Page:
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Diffusion tensor imaging of frontal lobe in autism spectrum disorder.

Sundaram SK, Kumar A, Makki MI, Behen ME, Chugani HT, Chugani DC - Cereb. Cortex (2008)

Bottom Line: The fiber length distribution was significantly more positively skewed in the normal population than in the ASD group (P < 0.001).The long range association fibers of frontal lobe were significantly longer in ASD group (P = 0.026 for both left and right hemispheres).Lack of evidence for excessive short range connectivity in ASD in this study may need to be re-examined with future advances in DTI technology.

View Article: PubMed Central - PubMed

Affiliation: Carman and Ann Adams Department of Pediatrics, Children's Hospital of Michigan, 3901 Beaubien Blvd, Detroit, MI 48201, USA. ssundaram@pet.wayne.edu

ABSTRACT
To investigate frontal lobe white matter in children with autism spectrum disorder (ASD), we performed diffusion tensor imaging (DTI) in 50 ASD children (mean age: 57.5 +/- 29.2 months, 43 males) and 16 typically developing children (mean age: 82.1 +/- 41.4 months, 11 males). The apparent diffusion coefficient (ADC) was significantly higher for whole frontal lobe (P = 0.011), long (P < 0.001) and short range (P = 0.0126) association fibers in ASD group. There was a trend toward statistical significance in the fractional anisotropy (FA) of whole frontal lobe fibers (P = 0.11). FA was significantly lower in ASD group for short range fibers (P = 0.0031) but not for long range fibers (P = not significant [NS]). There was no between-group difference in the number of frontal lobe fibers (short and long) (P = NS). The fiber length distribution was significantly more positively skewed in the normal population than in the ASD group (P < 0.001). The long range association fibers of frontal lobe were significantly longer in ASD group (P = 0.026 for both left and right hemispheres). Abnormal frontal FA and ADC may be due to white matter organization abnormalities in ASD. Lack of evidence for excessive short range connectivity in ASD in this study may need to be re-examined with future advances in DTI technology.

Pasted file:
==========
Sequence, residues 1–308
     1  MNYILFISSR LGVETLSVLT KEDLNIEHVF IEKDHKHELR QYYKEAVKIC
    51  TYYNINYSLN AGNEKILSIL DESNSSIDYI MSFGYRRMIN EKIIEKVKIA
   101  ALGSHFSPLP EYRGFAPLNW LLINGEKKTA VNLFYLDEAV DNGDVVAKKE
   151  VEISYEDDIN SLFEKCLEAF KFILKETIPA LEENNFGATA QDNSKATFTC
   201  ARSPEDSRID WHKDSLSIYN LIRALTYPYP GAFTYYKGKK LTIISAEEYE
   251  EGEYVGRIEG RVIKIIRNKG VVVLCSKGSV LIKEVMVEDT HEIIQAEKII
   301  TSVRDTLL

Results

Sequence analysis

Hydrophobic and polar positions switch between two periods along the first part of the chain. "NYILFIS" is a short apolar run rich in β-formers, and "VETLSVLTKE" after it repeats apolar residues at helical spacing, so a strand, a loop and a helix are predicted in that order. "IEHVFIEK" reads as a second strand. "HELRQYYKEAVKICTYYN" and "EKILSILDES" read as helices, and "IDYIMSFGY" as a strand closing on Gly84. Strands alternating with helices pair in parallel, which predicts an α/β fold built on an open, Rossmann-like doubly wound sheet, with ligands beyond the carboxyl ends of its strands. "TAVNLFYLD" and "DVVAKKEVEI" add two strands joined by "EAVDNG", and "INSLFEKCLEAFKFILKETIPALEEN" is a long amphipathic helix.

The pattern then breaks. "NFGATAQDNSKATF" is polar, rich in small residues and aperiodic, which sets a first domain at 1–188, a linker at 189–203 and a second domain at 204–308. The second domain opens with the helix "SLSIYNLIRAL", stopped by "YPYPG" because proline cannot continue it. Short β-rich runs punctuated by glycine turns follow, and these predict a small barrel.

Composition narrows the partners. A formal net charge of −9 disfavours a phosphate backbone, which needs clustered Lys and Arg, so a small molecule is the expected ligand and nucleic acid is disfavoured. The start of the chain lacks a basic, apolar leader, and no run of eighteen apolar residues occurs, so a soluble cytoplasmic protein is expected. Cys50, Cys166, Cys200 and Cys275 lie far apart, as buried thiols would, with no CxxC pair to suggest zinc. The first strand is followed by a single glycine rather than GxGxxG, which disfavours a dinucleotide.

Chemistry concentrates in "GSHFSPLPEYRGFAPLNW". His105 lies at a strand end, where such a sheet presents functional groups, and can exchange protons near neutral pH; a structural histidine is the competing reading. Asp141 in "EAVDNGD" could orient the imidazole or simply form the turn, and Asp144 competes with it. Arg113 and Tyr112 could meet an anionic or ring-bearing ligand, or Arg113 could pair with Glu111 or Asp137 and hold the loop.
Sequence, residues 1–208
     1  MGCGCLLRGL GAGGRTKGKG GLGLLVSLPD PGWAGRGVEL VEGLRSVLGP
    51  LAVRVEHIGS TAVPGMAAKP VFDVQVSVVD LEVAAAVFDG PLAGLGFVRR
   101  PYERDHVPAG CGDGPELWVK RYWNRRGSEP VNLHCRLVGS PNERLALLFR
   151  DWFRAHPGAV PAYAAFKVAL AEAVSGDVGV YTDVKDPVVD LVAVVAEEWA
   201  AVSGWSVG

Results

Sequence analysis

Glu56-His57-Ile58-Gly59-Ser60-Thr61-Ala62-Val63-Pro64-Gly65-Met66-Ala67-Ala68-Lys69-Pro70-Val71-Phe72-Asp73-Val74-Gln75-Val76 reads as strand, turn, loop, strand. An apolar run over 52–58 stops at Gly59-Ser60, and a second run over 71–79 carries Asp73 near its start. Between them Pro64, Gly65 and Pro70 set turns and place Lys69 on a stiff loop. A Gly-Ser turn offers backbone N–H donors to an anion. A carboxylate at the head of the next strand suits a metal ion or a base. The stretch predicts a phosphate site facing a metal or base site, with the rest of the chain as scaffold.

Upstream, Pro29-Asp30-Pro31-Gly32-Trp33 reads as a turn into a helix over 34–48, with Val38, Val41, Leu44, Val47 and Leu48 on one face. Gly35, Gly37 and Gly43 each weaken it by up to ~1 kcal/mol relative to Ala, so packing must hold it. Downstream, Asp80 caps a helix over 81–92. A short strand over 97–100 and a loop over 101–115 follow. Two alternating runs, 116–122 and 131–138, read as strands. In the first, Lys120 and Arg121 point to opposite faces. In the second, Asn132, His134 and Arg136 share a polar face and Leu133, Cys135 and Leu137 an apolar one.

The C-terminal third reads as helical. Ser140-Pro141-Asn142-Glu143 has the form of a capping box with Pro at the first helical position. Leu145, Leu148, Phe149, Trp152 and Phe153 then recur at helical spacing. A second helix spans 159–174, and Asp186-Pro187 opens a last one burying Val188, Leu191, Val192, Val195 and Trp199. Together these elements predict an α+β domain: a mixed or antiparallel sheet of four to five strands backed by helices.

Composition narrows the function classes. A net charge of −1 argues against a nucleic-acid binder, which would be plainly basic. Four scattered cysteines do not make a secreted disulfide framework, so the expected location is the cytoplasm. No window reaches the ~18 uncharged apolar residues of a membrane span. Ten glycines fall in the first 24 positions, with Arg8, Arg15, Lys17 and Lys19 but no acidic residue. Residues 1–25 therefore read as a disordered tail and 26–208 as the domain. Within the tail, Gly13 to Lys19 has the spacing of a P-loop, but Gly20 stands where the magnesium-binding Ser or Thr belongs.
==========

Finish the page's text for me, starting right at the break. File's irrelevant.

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Histogram of fiber lengths in (A) the control group, (B) the ASD group, (C) a 38-month-old control child, and (D) a 34-month-old autistic child. The y axis represents the ratio of the number of fibers of given length to the total number of frontal lobe fibers (expressed as percentage). Note that the 2nd peak (located between the 2 vertical bars) is shifted to the right in the ASD group. The 2nd peak corresponds to the long range association fibers.
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fig2: Histogram of fiber lengths in (A) the control group, (B) the ASD group, (C) a 38-month-old control child, and (D) a 34-month-old autistic child. The y axis represents the ratio of the number of fibers of given length to the total number of frontal lobe fibers (expressed as percentage). Note that the 2nd peak (located between the 2 vertical bars) is shifted to the right in the ASD group. The 2nd peak corresponds to the long range association fibers.

Mentions: There was a highly significant positive correlation between average length of all frontal lobe fibers and the average length of fibers of whole brain (r = 0.75, P < 0.0001 for left frontal fibers and r = 0.74, P < 0.0001 for right frontal fibers). We found that there was no difference in the mean length of the fibers of whole brain (P = 0.26) or of the frontal lobes between the 2 groups (P = 0.88 for all frontal lobe fibers and P = 0.27 for short fibers). Even though the average length of the fibers was not different, the distribution of fiber length differed between the control and ASD groups. In particular, the fiber length distribution was significantly more positively skewed in the normal population than in the ASD group (P < 0.001). Upon visual examination, the histograms of fiber lengths showed a bi-modal distribution with a smaller peak corresponding to long range fibers (Fig. 2). When the fibers corresponding to this 2nd peak were isolated, the average length of these long fibers was significantly higher in ASD than in controls (P = 0.026 for both left and right hemispheres). In order to examine whether there is excessive short range connectivity, we also investigated the number of short and long association fibers in the frontal lobe. We did not find any differences between the 2 groups (P = 0.429 for left hemisphere and P = 0.217 for right hemisphere). The number and length of fibers is summarized in Table 3.